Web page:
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Who are these 100?

Last week’s post was on being in love with the problem where I discuss from my experiences, how that is important when building your business. I mentioned finding 100 people that you speak with that have the same problem and are willing to pay you to solve it.

While they may have the same problem, the solution they seek may not be the same. I only speak from my experience failing numerous time that has gotten me to this point.

Defining this ideal customer profile takes iteration and time. While you may have some idea of these people, you will still need to get to a stage where there is commonality between these customers. Here are a few areas to think of when defining your ideal customer profile:

Let’s take an example of an ICP: Founder of a SaaS business (1-50 EE) in USA/ Canada at the seed stage that does not have a background in sales.

Here are the components:
• Title: Who is the buyer of your product? NOT the business, but the person at the business that is making the purchasing decision. In this example, it is a founder.
• Type of business / Industry: You need to know the overall industry at the onset that you are targeting. In this case, you are going ‘kind of’ broad but this will help you to niche further down as you have conversations. In this example it is SaaS.
• Location: Where are your buyers located? In this example it is USA/Canada.
• Funding/Revenue: Do they have the money to buy your product? In this example based on my business model; pre-seed/seed/Series A stage companies could have the money to buy my product. Hence, in this example it is a founder of a Seed funded business.
• Head count: If you are selling a typical SaaS product then identifying the company size is particularly important. The need for a 50-100 employee count company is VASTLY different from a 200+ employee size organization. Infact the sales cycle is also different touching numerous personas. In this example, it is a company that has 1-50 employees.
• Background: Who are these buyers, what type of a background do they have, are they someone who is a technical person or has a product development background? By defining certain characteristics, you will be able to further niche down. In this example it is a founder that does not have a background in sales.
• Problem they ‘could’ have: What are you really solving for? Is it a vitamin (nice to have) or is it a pain killer (must have)? While for some it could be a vitamin and for others a pain killer, it is important to broadly know the challenge they face. Don't stop if for a few it is a vitamin in your initial conversations. In this example it is the challenge founders face to sell their product or solution.
• Sales cycle: This is what a lot of founders don’t think off when starting up. If you are building a product that is focused on an enterprise then their sales cycle is fairly long. Depending on the product, it could take 9-12 months to get your first sale. Do you have that type of bandwidth and funding to wait for a year? If you do, then great, but if you don’t, then you need to further refine who you are building towards.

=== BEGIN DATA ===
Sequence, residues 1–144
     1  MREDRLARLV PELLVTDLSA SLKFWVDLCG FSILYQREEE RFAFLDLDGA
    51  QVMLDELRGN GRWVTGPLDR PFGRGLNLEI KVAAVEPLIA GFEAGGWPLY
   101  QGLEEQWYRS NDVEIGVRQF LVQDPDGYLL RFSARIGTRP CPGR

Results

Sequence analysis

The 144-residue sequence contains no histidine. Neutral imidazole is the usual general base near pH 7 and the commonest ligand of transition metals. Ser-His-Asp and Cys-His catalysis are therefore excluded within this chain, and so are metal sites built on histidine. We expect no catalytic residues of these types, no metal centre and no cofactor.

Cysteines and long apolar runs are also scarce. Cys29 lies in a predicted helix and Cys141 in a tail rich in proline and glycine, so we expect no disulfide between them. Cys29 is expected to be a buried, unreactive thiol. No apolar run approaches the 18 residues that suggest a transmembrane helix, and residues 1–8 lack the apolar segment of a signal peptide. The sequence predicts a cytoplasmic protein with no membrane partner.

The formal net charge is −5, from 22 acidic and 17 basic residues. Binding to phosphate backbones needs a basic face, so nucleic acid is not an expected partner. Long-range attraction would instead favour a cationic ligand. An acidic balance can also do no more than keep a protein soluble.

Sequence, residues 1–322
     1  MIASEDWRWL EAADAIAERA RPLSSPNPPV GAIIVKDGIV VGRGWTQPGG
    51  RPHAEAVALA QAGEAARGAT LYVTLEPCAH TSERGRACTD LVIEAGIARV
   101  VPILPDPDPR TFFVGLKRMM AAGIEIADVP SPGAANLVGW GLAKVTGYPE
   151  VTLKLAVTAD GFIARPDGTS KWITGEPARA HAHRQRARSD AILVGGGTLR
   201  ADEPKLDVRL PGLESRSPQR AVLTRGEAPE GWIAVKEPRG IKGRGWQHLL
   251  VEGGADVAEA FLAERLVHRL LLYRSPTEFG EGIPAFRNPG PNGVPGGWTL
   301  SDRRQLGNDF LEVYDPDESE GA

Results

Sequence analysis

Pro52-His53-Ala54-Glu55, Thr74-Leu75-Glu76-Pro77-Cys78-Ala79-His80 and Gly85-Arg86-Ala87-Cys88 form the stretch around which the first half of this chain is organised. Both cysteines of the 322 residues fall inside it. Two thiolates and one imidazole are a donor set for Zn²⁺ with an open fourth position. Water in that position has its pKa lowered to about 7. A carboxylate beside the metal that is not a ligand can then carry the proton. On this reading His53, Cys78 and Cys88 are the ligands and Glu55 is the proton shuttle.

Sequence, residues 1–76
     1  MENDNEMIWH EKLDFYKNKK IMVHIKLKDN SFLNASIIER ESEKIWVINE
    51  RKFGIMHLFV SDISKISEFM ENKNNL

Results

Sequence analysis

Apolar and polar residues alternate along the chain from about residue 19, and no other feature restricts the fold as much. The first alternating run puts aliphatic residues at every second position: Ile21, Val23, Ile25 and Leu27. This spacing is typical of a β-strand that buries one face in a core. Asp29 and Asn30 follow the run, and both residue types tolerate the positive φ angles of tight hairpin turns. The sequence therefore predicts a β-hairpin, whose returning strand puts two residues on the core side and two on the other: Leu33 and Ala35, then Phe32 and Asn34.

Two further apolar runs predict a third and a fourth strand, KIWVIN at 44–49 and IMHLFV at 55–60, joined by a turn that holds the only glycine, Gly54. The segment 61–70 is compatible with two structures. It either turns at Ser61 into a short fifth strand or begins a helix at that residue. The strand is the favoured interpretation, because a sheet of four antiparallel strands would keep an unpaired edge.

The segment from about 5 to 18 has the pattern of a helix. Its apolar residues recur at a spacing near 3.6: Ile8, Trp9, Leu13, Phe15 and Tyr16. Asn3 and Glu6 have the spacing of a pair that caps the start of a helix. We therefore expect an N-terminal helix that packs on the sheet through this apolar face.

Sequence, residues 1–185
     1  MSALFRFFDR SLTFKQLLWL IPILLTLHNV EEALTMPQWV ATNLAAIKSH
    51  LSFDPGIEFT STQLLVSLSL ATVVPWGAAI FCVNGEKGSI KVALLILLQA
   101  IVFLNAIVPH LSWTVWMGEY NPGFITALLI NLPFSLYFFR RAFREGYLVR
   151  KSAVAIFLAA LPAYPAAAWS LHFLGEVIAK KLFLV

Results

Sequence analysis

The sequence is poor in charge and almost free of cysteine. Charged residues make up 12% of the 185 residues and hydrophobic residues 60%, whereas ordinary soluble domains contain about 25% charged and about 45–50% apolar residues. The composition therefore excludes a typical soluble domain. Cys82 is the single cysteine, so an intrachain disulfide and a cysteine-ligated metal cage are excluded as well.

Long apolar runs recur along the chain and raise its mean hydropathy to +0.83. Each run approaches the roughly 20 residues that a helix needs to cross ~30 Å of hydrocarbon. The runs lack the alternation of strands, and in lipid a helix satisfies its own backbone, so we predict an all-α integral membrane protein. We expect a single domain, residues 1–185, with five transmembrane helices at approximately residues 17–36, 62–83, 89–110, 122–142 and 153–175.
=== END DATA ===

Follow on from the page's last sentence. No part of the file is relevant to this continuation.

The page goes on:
Next post: The email I used to get interviews with prospects to learn more about the problem they face.

  1. 1

    Defining the right solution is hard, as it's appealing to make one for everyone. What do you do to make sure you pick the best solution? How do you define best?

    1. 1

      Yes, it is hard. I tried to please everyone and made so many mistakes. Feature creep is real.

      1. Try not to build for everyone, it's impossible to please everyone
      2. Have a ton of discovery calls with your potential ICP to learn about their problems and the solution they are willing to pay for
      3. From these calls, see trends in these solutions. There will be commonalities that emerge
      4. Choose 2 that not only address most problems but the value prop can be easily understood which will drive your ICP to purchase
      5. Try not to add too many features as your start
      6. Iterate, iterate, iterate
      1. 1

        Yes, this is exactly what I meant. I'm not sure if this self-citation is allowed here, but I wrote something that touches upon your points and I call it the Swiss-army-knife-trap. Do you recognize stuff in it?

        https://getabstract.substack.com/p/the-swiss-army-knife-trap-and-how

        1. 2

          Very interesting, Yes, I sure do.

          In my experience, the trick is to niche down as much as possible initially and then expand later. Most founders I consult, do the exact opposite.

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            Why do you think it is that causes this problem. What makes this problem happen?

            1. 1

              I think it's natural human behavior. We are all optimists that get blinded by trying to replicate other successful businesses. But, we tend to forget how all these businesses really started by iterating on a subset of a larger target market.

              A great example is Uber that initially started as a black car service in San Francisco before blowing up.

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                Yeah, I've heard about 'the innovator's bias', loving your product too much.

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                  Thank you for your support!

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